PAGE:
Health Secretary Alex Azar told reporters last week that the United States offered to send a team of health experts to China amid the coronavirus outbreak but China had rejected the offer.
“We do hope that the Chinese government will take us up” on the offer, Azar said. “CDC experts are standing by, ready to go to China.”
Japan Quarantines Cruise Ship
Japan’s health ministry confirmed it quarantined a cruise ship that arrived in Yokohama on Monday night after a male passenger was found to have been infected with coronavirus, which has triggered quarantines around China and global health fears.
The Japanese Ministry of Health, Labor and Welfare said that dozens of quarantine officers are checking the health of around 2,500 passengers on the ship, Kyodo News reported.
Princess Cruises, which is a subsidiary of Carnival Cruises, told Bloomberg that the passenger embarked on the Diamond Princess ship in Yokohama on Jan. 20 and disembarked on Jan. 25. The ship then continued its trip to take other passengers to Yokohama. On Saturday, that passenger tested positive for coronavirus.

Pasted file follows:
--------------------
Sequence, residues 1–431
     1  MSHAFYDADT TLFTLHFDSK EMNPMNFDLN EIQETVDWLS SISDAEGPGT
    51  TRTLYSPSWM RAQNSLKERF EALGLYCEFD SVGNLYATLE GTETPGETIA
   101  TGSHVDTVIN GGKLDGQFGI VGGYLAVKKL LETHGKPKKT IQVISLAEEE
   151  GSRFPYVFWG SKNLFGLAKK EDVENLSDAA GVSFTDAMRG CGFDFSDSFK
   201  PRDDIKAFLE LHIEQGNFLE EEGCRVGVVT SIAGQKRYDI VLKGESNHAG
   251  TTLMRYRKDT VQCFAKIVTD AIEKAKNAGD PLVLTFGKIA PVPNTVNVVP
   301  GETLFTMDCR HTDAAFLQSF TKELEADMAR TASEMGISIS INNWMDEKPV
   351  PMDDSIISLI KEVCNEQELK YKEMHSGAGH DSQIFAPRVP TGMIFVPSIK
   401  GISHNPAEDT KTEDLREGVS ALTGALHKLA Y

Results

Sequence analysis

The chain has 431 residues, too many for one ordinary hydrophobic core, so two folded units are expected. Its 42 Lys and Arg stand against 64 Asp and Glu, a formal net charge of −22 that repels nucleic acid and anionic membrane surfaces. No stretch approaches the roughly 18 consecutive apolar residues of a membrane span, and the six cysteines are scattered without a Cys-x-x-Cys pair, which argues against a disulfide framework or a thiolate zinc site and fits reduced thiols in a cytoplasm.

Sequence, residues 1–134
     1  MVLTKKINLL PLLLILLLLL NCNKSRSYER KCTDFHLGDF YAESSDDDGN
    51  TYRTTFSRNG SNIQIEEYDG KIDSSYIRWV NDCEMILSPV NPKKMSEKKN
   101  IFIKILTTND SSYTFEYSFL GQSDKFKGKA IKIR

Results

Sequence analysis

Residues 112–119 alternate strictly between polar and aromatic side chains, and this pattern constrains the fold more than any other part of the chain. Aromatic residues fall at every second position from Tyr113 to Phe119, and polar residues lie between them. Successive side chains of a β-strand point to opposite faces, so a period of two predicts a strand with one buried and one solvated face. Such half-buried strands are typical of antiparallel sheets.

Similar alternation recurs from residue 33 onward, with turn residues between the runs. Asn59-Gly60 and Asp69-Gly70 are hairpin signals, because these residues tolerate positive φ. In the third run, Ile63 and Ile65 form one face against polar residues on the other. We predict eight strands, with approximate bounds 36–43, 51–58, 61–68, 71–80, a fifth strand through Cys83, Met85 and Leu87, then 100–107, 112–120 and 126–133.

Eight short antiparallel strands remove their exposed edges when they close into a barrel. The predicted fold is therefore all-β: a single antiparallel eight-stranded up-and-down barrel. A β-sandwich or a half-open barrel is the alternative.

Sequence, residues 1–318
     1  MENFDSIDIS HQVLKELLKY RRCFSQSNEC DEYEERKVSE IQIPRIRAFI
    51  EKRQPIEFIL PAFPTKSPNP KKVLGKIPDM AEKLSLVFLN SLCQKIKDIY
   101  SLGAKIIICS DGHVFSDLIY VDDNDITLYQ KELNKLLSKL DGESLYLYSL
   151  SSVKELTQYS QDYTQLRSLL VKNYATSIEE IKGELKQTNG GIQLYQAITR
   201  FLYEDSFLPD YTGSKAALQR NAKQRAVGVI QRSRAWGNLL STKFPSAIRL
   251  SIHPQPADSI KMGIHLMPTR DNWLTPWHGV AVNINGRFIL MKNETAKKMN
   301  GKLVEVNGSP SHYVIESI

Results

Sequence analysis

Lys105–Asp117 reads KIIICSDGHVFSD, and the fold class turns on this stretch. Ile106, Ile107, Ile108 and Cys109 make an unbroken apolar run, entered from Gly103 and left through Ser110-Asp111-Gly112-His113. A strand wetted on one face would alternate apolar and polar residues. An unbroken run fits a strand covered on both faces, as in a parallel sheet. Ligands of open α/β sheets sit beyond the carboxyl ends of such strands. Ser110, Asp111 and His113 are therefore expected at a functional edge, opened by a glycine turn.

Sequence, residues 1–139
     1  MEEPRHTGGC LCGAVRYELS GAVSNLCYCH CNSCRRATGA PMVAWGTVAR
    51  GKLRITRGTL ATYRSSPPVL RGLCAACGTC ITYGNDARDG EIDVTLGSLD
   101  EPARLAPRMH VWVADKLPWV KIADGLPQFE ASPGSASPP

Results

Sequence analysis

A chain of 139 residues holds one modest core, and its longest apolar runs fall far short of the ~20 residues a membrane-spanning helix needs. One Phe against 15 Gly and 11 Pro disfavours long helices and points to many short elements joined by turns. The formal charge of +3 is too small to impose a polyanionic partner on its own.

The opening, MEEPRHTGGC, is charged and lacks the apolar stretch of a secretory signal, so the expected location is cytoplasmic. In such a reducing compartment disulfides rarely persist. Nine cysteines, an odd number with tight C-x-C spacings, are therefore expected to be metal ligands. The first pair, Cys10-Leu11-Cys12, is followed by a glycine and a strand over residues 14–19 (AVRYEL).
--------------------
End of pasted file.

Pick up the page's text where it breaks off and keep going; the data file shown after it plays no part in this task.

The firm said that 2,666 passengers and 1,045 crew are on board the quarantined vessel. The delay will last 24 hours.
People Quarantined for Coronavirus in US Could be Held in Hotels
Military bases and hotels are two types of places people quarantined on suspicion of having the new coronavirus could be held in the United States, a top health official said on Monday.
Passengers arriving in the United States on commercial airlines will be directed to one of 11 U.S. airports for additional health assessments. If the travelers need to be quarantined, military bases are close to some of the airports while hotels have been identified for use for quarantined people by health officials in some of the states, Dr. Nancy Messonnier, director of the Centers for Disease Control and Prevention (CDC)’s National Center for Immunization and Respiratory Diseases, told reporters in a call.
“No options are off the table,” she said.
U.S. officials announced a public health emergency last week over the virus, announcing new restrictions on U.S. citizens returning from China. Foreign nationals who have been to mainland China in the past two weeks wouldn’t be allowed to enter the United States, officials said.